Update: When I called Medicare about appealing, they told me to call the clinic and ask for a doctor's note to tell Medicare how to change the code. I did this, the clinic jumped into action to cover their tails, and the problem will be solved shortly, they say. We hope so. Details below.

Update: Sent an email to the President using the link at Whitehouse.gov. Until Sebelius gets sworn in as HHS Secretery, it may sit in her in-box. Also sent notes to local folk. Told all my friends, including the guy who advises on Medicare issues down at the Senior Center.

Update: The director for billing at the clinic really wants me to wait and see what happens with the latest coding update they sent in. That is the "elevated PSA" diagnosis code. We should know in 20 more days.

In the meantime, if I get another letter from the diagnostic service demanding payment, I will ask for a court date. I want to show a judge their bill. There is no extension of costs to the totals column, no indication that their total on the bill reflects the PSA billing for which I signed the ABN promise-to-pay. The reader must deduce any link. Then I will show judge the prior year's bill, which goes further, omitting any listing for the PSA test entirely, although that's what it was they billed me for. I have already scanned the billing and am waiting and ready for the chance for show-and-tell.

Of course, the pitch is that I should go ahead and pay the bill and then wait for the clinic to correct its errors. Or finally give up. I did that last year. It can't happen twice.

If Medicare rejects the billing once again, will the clinic break down and use G0103?
-- -- --

I may also write the AMA. The diagnostics service says on their bill and on their site that the codes are approved by the American Medical Association. Does the AMA know that their stamp of approval has been put on flawed data? One wonders what the AMA may assess as its own liability for this use of its stamp.

And now I have heard from the diagnostics service...

They place themselves in a hellish position by finally having to collect on all this.

They send clients bills with their company's name at the top, a list of the tests that were done and at the bottom of the bill, the amount finally due. How could they not themselves be the sinners?

The bill they send does not even look right. The column with the total to be paid at the bottom shows nothing above it in the column. The very bill is defective. The billing items are not properly extended over into the columns. To anybody who ever typed an invoice, this looks very strange, right from the start. Uniform Commercial Code and all. Smells like sinners, from the start. You cannot see which tests contributed to the total you are asked to pay. Smoke and mirrors. Smells like sinners.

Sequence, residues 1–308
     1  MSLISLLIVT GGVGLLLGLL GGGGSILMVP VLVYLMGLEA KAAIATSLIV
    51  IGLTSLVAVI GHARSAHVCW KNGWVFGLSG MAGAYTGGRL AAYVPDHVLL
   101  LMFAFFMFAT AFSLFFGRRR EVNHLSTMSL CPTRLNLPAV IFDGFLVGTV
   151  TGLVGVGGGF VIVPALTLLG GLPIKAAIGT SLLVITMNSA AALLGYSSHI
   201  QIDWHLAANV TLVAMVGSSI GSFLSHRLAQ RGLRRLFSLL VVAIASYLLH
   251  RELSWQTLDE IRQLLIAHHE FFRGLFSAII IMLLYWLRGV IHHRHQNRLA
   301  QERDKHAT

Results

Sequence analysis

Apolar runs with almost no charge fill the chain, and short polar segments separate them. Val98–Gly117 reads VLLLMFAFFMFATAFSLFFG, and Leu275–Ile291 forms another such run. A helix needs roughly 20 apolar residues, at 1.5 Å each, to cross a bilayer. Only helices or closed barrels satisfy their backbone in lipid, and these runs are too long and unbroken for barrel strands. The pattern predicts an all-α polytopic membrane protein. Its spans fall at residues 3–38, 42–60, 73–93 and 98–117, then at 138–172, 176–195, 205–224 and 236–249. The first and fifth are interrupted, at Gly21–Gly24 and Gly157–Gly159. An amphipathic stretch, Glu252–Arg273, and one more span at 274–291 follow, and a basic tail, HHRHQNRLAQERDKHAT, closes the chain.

Their local people say that they do not recommend billing codes to the clinics, and I believe them. But their corporate web site shows bad data. Note at the top of the page that it suggests using this test for BPH. Medicare has said that if you are going to use this test to check for BPH, you need to fold it into the yearly G0103 PSA screening. They won't pay otherwise. The service's web site does not show the G0103 screening billing code.

The service's site uses computer generated screens which rather obviously present data that comes from a database.

Link to the above, do a "View Source" in your browser and you will see none of the usual programmer acknowledgements, no larger references. This is computer generated - ColdFusion is running as a front end on Eclipsys, perhaps. So - Who - manages this database, and how else is it used? What other appearances does this bad data make? Their coding manual?

Could the database accept some updates? It might help the rest of their effort go more smoothly. In its present very visible form, this page really makes one wonder about the worth of a very good company. It frankly justifies bad billings. A mis-billed person would look at that page and give up. Some clients may have done so.

So the diagnostics service's billing department has to patiently explain over and over to the unbelieving patient that these bad codes came from the clinic, not from the service. The patient - whose eyes tell him otherwise - screams and moans.